While the vast majority of disputes can be resolved informally or at local levels of the grievance procedure, there are occasions on which the Faculty Association has to take issues to a third party to be resolved. The resulting decisions have the force of law and bind both the University and the Association in future dealings.
Most frequently, we take these issues to a Labour Arbitrator appointed under the BC Labour Relations Code. Arbitration decisions are important because they interpret the provisions of the Collective Agreement and clarify the rights of our members. They set standards and models which hold for our members and which sometimes set precedents for other Canadian university faculty as well (the Bryson case is a good example).
In addition to arbitrations, the Faculty Association sometimes has to take matters to the courts, either to appeal an Arbitration decision or because the matter falls or may fall outside an Arbitrator’s jurisdiction. An example of this is the Faculty Association’s case at the BC Court of Appeal regarding the authority of the Senate to create policies which override our collective-agreement rights.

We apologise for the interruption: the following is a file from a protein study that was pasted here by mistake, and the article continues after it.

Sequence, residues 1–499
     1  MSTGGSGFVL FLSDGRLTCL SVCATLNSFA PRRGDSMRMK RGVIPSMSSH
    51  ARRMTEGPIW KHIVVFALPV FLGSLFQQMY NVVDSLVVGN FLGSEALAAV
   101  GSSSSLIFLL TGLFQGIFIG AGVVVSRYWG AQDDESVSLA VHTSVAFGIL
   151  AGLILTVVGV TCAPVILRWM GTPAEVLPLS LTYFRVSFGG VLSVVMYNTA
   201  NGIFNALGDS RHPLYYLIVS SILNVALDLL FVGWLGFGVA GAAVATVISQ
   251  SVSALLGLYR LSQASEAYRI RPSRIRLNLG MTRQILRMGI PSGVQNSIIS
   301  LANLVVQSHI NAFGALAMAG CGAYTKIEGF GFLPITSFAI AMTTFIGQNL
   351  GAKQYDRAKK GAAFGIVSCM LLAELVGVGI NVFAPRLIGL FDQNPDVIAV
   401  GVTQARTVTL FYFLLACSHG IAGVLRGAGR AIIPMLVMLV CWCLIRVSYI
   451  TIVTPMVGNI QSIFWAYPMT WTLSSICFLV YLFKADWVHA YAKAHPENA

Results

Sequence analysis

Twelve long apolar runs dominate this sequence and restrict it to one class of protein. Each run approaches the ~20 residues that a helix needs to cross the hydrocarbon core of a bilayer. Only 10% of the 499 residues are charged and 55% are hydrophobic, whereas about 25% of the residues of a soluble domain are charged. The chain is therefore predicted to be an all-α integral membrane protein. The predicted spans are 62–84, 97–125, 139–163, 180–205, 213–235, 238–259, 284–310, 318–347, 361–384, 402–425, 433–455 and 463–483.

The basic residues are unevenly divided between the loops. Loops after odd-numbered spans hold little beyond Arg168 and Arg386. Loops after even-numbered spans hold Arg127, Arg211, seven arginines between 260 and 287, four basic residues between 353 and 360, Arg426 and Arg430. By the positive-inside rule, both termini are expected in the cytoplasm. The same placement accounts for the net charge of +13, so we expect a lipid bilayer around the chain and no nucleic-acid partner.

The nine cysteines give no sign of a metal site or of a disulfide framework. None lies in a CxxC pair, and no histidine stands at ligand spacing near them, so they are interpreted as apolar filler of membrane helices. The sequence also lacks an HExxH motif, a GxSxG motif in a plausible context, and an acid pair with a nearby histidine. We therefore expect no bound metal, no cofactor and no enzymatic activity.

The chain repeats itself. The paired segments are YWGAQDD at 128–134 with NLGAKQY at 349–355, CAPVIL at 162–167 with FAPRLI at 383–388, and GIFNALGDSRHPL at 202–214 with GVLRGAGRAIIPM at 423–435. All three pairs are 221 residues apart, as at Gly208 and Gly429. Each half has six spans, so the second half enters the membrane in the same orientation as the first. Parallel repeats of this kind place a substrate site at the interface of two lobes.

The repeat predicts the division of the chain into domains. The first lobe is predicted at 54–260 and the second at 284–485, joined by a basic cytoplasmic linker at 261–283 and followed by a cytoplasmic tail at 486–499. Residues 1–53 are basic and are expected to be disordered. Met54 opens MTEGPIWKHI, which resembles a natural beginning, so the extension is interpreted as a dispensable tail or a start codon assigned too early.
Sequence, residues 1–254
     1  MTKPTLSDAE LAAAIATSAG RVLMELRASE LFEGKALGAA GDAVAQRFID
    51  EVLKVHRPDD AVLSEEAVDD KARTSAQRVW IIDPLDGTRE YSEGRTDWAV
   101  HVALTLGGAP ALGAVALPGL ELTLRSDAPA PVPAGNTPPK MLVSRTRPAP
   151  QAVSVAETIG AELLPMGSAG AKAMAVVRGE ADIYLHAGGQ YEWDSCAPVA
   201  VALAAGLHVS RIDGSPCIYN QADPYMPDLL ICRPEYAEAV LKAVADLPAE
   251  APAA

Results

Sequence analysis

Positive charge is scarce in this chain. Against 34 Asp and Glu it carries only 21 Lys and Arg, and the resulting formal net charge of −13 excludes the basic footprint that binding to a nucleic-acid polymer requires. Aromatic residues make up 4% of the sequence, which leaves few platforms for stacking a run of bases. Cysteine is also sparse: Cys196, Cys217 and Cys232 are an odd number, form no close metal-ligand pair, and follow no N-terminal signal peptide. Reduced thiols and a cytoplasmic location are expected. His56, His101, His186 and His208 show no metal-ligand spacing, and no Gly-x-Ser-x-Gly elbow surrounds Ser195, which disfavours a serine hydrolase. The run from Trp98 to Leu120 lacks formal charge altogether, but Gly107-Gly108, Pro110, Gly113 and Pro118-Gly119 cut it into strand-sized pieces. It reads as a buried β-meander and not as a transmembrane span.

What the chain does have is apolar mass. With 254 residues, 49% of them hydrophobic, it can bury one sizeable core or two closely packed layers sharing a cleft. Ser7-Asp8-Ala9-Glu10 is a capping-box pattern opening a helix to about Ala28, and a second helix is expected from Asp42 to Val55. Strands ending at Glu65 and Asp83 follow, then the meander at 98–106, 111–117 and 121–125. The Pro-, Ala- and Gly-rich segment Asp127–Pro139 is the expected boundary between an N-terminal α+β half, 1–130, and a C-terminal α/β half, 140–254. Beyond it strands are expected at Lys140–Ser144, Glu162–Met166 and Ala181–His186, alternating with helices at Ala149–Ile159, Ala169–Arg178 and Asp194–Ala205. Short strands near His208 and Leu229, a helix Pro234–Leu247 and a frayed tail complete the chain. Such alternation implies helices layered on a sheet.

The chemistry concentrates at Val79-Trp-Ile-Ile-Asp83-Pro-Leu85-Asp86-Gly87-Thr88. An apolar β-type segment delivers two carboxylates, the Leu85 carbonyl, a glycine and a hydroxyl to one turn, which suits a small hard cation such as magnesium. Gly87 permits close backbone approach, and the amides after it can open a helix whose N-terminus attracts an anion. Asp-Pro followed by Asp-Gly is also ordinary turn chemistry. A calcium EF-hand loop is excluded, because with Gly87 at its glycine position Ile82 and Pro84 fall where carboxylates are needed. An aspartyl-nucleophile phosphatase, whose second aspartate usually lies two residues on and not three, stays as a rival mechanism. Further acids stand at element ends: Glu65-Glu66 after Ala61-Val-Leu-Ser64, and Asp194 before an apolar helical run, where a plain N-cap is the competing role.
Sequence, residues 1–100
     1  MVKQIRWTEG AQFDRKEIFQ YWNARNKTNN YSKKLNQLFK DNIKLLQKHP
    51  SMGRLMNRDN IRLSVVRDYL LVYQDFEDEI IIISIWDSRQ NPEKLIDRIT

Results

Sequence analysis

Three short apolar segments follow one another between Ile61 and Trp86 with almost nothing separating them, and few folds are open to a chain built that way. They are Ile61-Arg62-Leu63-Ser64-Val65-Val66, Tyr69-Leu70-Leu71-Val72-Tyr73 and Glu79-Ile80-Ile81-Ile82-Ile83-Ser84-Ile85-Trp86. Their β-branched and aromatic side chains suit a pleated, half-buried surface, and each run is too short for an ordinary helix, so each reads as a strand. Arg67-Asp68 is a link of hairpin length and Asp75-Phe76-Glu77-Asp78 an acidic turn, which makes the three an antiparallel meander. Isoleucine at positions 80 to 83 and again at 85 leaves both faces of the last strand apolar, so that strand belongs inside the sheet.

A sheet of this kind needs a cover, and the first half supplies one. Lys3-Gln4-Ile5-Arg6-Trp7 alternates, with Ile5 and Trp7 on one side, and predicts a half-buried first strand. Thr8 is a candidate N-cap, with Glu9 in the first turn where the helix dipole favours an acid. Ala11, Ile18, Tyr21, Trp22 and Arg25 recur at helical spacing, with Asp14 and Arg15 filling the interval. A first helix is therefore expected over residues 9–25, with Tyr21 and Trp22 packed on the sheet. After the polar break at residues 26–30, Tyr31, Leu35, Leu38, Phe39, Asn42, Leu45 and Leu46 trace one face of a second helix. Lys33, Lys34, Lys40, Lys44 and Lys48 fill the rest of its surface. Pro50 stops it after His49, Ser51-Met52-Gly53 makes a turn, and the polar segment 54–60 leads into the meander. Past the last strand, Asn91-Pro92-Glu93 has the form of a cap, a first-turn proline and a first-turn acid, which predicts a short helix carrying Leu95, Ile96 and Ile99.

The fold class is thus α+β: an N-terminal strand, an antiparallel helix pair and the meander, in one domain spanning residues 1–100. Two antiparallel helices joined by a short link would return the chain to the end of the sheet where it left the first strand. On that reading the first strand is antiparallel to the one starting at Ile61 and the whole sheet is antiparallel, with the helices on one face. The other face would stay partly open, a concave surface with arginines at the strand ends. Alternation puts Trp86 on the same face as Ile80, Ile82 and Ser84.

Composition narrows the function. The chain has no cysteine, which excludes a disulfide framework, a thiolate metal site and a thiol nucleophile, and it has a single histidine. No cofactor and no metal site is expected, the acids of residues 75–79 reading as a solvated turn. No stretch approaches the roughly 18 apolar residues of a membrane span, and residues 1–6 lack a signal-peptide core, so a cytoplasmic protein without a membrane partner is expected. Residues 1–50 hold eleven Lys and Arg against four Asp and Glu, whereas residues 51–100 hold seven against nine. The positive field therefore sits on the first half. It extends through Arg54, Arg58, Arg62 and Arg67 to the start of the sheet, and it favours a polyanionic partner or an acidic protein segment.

The following is a partial list of arbitrations and documents related to other legal proceedings handled by the Association since voluntary recognition under the BC Labour Code in 2000. For more information on these or any other rulings, please contact the Association.
The last type of legal proceeding in which the FA may become involved are Section 12 complaints filed by members at the BC Labour Relations Board. These complaints allege that the Union has not met its duty of fair representation. More information on these complaints is available at the end of the list below.